Still, not everyone is willing to pay more. That Tesco and Asda are no longer stocking PrepCo – it disappeared from their shelves in May and June respectively – suggests it may not be a universally popular proposition.

“Consumers are more astute than ever and understand they get what they pay for”

Plus, the performance of rice brands appears to be strongly linked to how much they cost. Ready-to-heat market leader Uncle Ben’s sold an extra 1.2 million units last year amid a marginal decrease in prices. By contrast, second best-selling brand Tilda shed a whopping 2.3 million units as prices increased 1.2% [Nielsen]. In plain rice, Kantar points to Laila as a particularly fast-growing brand with a 32.1% value increase. That it’s significantly cheaper than rival Tilda can’t have hurt.

This price sensitivity is reflected in the ongoing growth of own label. Across the rice and noodle market, it grew 7.7% to be worth £258.5m. Meanwhile, branded edged up just 0.7% to £313.1m.

That trend is particularly evident in pouch rice, where own-label lines have enjoyed value growth of 14.5% while branded has fallen 6.3% . A look at the average prices tells the story. Branded pouches weigh in at £3.93 per kilogram, while own-label variants come at £2.24. That’s a difference of £1.69.

For that reason, Kantar analyst Bianca Draghici can’t see the rise of own label stopping anytime soon. “As the quality and variety of own-label ranges continue to improve, brands will struggle even more to justify their premium prices,” she says. “Own-label pouch shopper numbers are up 8.1% and shoppers are purchasing more often, a rise of 6.6%.”

Falling promotions

Given all this price-driven switching, you might expect brands to be promoting more. Not so. Across rice and noodles as a whole, sales on promotion have fallen 6.2%, driven by a sharp decline in volume deals. That’s partly down to the growth of own label, which tends not to run promotions. But brands such as Tilda are also actively moving away from trading on price credentials. “The percentage of volume sold on promotion on ready-to-heat rice has declined from 57% two years ago to 45%,” says Beheshti at Tilda, quoting IRI figures.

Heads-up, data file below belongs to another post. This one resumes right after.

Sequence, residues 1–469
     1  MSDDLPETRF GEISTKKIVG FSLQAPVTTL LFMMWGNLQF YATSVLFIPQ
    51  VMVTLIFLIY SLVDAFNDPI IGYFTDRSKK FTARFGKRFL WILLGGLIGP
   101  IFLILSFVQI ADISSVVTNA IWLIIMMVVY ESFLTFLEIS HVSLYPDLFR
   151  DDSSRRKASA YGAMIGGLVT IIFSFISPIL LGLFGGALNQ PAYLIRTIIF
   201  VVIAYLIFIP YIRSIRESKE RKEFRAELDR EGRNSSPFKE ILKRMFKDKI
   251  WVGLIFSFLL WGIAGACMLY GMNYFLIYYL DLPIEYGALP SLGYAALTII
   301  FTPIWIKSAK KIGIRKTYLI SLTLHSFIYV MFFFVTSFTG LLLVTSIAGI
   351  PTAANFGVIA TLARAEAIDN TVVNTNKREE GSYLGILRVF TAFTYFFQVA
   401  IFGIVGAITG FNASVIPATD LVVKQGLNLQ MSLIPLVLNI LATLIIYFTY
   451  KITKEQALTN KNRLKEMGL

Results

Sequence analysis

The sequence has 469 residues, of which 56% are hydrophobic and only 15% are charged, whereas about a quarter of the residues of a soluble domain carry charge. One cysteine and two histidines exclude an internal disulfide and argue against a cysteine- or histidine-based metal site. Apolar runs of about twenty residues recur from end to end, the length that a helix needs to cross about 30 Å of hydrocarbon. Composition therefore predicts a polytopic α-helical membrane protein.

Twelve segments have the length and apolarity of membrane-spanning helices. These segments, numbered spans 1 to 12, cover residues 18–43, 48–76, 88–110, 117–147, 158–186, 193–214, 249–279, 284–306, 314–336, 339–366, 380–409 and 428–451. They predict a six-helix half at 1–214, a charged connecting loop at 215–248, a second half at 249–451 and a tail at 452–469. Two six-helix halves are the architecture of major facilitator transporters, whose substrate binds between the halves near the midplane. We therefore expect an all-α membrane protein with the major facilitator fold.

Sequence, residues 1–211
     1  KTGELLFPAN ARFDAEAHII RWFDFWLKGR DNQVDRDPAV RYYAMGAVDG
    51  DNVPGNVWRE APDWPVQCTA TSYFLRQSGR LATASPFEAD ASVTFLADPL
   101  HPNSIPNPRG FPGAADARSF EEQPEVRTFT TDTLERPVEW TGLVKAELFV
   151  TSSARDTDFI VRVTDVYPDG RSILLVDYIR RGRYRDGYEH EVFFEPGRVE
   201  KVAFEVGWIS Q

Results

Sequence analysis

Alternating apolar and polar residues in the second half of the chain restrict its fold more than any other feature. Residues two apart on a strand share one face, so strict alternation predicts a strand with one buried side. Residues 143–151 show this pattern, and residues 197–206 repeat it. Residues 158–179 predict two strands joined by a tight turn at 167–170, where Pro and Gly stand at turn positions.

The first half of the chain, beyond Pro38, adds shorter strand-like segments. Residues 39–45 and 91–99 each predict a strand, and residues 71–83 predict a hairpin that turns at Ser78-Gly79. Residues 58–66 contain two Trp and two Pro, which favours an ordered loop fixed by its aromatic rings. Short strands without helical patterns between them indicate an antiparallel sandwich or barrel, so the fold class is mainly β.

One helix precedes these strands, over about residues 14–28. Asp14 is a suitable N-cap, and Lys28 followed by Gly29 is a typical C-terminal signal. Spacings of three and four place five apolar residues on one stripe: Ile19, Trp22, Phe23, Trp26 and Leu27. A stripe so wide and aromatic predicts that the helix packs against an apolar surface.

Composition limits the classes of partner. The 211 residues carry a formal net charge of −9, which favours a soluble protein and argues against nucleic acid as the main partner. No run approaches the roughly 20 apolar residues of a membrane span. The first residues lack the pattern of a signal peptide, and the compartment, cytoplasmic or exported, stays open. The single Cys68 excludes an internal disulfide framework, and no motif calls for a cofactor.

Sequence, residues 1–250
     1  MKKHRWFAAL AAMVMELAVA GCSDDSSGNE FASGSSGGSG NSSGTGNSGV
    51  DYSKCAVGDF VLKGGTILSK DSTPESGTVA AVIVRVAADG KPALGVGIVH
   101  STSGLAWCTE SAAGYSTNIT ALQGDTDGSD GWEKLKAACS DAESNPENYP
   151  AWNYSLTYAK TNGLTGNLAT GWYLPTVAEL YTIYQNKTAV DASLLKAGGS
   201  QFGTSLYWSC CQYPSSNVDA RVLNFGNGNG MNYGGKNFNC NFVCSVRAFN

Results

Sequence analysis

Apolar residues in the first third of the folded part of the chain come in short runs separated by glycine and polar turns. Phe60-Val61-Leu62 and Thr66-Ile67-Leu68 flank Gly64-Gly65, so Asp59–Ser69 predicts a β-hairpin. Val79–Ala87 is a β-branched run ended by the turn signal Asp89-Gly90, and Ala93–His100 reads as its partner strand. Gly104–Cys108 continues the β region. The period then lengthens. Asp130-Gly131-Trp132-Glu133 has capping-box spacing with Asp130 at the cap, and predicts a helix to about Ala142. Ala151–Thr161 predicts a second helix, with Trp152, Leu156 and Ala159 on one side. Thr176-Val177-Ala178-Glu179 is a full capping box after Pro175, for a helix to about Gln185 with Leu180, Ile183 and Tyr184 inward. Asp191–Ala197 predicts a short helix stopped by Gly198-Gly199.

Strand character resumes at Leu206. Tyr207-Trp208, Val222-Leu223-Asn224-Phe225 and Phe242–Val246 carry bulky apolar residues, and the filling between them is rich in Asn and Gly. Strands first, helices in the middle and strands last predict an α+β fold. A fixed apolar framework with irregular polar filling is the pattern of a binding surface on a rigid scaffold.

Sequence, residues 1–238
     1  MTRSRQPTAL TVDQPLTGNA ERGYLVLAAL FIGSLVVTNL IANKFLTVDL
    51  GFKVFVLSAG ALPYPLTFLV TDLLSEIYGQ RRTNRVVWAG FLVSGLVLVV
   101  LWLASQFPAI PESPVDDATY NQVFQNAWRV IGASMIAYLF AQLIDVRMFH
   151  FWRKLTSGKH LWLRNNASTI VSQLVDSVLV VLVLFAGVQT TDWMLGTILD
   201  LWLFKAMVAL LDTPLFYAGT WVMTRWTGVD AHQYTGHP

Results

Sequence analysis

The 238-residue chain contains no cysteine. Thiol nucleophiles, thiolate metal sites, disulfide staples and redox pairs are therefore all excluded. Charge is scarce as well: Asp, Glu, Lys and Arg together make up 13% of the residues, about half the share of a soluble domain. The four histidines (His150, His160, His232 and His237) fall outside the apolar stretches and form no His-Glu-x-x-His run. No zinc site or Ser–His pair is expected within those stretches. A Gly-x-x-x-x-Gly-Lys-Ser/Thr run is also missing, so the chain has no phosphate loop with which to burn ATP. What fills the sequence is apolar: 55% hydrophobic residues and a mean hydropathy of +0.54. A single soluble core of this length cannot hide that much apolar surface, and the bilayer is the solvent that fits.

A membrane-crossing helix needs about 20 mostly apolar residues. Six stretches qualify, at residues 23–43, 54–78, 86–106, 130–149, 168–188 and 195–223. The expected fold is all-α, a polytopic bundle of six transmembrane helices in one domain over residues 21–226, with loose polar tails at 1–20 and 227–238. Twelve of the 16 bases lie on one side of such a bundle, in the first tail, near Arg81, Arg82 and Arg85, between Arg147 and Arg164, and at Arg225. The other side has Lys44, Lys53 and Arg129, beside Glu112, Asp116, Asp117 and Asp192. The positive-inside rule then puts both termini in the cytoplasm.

“While the growth of own label has pushed prices down and some brands have resorted to heavy price promotions to help drive volume, we have shifted our strategy to focus on building the brand and bringing new shoppers to the categories in which it operates,” she explains.

Still, even in this brand-building strategy, there remains a place for promotions. At the time of writing, Tilda 250g pouches of Basmati and Basmati Pilau were on a £1 deal in Tesco, down from £1.59. Many Uncle Ben’s 250g flavoured pouches were selling for two for £3, versus a standard price of £1.69 per pouch. Tesco’s now expansive range of own-label ready-to-heat pouches sell for just 69p for a 250g pouch, or 99p for a blend of quinoa and wholegrain rice.

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Mars says these promotions are a way of attracting new shoppers. “For some people, critical price points like £1 will be the trigger that gets them to come into the category because a lower price removes the risk for them,” says Nundy. “They stay with us because they enjoy the taste and convenience of our products.” Once they have secured that loyalty, full-price sales are more likely. A total of 60% of Uncle Ben’s sales are at full price, Nundy adds.

Commodity costs

That may not last long, though. For the threat of own label is set to become even stronger as rice gets more expensive. Rising commodity costs are being driven by the weakness of the pound, trade tariffs and the waxing and waning of global supply and demand. Mintec notes that the price of Indian basmati rice, for example, has inflated by 42% year on year.

“Overproduction of basmati rice between 2016 and 2017 caused prices to dip and encouraged farmers to switch plantation to other non-basmati varieties,” explains Mintec analyst Alana Barros. “As a result, carryover stocks have been depleted in the past year, pushing prices higher amid strong demand from Saudi Arabia and Iran.”

High prices could threaten future growth, warns Yap at Wing Yip. “This sector remains challenging with ongoing price levy increases on US long grain varieties inevitably having an effect on consumer purchasing habits,” he explains. “Most consumers are looking to cheaper alternatives with rice sourced from Italy and Spain. However, prices there are also beginning to rise as farmers struggle with recurrent dry crops and face the temptation to move to more profitable crops.”